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Comboni Missionaries bring hope to Kabingo

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September 26, 2011

By Jennifer Hogan Redmond

ST. FRANCIS DE SALES DEANERY — When Dr. Dallas “Buzz” and Melissa Auvil embarked on their first medical mission trip to Kabingo, Uganda, in 2010, they thought they were organized. “But we were bombarded with hundreds of people every day,” at the rural clinic and dispensary, Buzz Auvil explained.


The medical, educational and social needs of the community were overwhelming. The Auvils, members of Immaculate Heart of Mary Parish, returned to their Anderson Township home to devise a more extensive plan for subsequent missions. Treating disease, fostering education and providing economic opportunity for the village’s poverty-stricken residents became the focus of the five-year plan.


“In the end, we want them to be self-sustaining,” said Auvil.


The Auvils and their team strongly believe that Kabingo will see success. “There’s a real chance to make a difference here,” explained Melissa Auvil, largely because a network of connections has already been established by Comboni missionary and Kabingo native Father Richard Kyanhaaga, who now works with the Comboni Missions in Cairo. The couple worked with Father Kyanhaaga through the Comboni Mission Center and Provincial Offices in Cincinnati to establish a series of project goals.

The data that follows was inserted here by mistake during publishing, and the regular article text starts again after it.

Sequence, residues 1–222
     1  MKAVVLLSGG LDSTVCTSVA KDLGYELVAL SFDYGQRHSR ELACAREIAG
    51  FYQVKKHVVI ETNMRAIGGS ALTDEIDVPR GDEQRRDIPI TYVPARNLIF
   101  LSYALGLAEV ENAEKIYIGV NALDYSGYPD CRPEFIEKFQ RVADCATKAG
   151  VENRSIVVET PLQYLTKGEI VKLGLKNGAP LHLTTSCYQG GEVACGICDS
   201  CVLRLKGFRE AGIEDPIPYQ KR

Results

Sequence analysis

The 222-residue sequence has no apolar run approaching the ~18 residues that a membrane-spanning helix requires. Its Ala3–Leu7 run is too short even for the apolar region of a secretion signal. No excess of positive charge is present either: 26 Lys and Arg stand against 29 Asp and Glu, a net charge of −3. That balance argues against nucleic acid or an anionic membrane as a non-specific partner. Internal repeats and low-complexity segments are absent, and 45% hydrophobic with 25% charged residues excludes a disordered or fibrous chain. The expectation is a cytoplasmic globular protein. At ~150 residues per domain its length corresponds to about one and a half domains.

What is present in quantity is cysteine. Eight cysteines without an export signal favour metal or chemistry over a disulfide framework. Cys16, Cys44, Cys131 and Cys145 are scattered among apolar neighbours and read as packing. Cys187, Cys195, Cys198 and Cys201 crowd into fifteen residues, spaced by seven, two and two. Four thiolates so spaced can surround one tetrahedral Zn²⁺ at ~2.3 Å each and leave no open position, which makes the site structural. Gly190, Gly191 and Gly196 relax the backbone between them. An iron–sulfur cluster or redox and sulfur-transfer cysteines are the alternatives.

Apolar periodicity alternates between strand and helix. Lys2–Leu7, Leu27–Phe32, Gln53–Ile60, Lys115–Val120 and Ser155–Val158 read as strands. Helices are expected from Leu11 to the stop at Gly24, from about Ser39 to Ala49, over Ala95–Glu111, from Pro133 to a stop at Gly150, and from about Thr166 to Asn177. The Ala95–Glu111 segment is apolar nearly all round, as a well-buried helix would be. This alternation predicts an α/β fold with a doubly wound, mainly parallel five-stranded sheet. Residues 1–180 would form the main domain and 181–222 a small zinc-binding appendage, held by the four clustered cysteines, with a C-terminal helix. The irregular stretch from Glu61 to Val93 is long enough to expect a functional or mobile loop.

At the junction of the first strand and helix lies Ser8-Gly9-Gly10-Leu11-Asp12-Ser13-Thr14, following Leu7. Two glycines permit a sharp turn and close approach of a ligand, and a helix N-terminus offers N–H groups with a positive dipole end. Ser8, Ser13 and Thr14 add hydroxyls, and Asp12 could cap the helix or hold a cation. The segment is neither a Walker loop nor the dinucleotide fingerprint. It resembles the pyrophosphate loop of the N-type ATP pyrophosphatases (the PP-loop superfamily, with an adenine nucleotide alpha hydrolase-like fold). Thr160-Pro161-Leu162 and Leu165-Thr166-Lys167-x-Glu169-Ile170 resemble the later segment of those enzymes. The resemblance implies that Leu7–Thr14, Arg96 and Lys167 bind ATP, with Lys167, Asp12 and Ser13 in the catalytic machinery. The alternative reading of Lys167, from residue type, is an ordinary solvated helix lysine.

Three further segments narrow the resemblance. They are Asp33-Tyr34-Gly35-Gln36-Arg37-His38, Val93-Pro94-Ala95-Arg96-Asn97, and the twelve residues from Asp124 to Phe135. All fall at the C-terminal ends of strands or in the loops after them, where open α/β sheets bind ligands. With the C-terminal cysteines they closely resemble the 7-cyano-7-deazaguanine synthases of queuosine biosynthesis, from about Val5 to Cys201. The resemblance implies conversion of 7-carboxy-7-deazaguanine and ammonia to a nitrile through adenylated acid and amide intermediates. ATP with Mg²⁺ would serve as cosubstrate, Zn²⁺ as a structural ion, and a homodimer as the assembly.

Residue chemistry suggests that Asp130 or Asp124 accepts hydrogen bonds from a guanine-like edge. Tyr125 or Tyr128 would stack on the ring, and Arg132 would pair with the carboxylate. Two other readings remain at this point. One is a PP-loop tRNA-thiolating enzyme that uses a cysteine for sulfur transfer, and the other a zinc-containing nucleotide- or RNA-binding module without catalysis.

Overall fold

Hope for Kabingo’s second mission team returned home July 15, after treating 1,100 patients, hanging more than 100 mosquito nets in homes and a school, establishing a bee hive business with microloan funds, digging wells and providing health and general education to students and residents.


Because the primary goal of the mission is medical (malaria and diseases from parasites are widespread), the Auvils found it challenging to attract volunteers with appropriate experience for their team. “We were worried,” Melissa Auvil said. 


The group didn’t come together as they envisioned, she admitted, but “we put it in God’s hands.”


In the end, “God just brings them,” she said of the group from Greater Cincinnati, Virginia and Cleveland. This year’s 18-member team was comprised of individuals from age 16 to 75 years old, each with a unique set of skills to assist the struggling people.
While in Kabingo, “we used every strength and stretched every skill,” Melissa Auvil said.


Nancy Connor, a hair stylist from Erlanger, Ky., volunteered at the urging of a friend and fellow missionary. The Kabingo mission trip was a first for her. “I went in blind,” she admitted. “I don’t even camp. I wondered, ‘what have I done?’”  Working with a translator, she did basic eye exams for villagers and distributed donated eye glasses.


“I have never met more gracious and grateful people in my life,” she said of Kabingo’s residents. Baskets of fruits and vegetables were common thank-you gifts from a people “who would give you everything and yet they had nothing,” said Connor.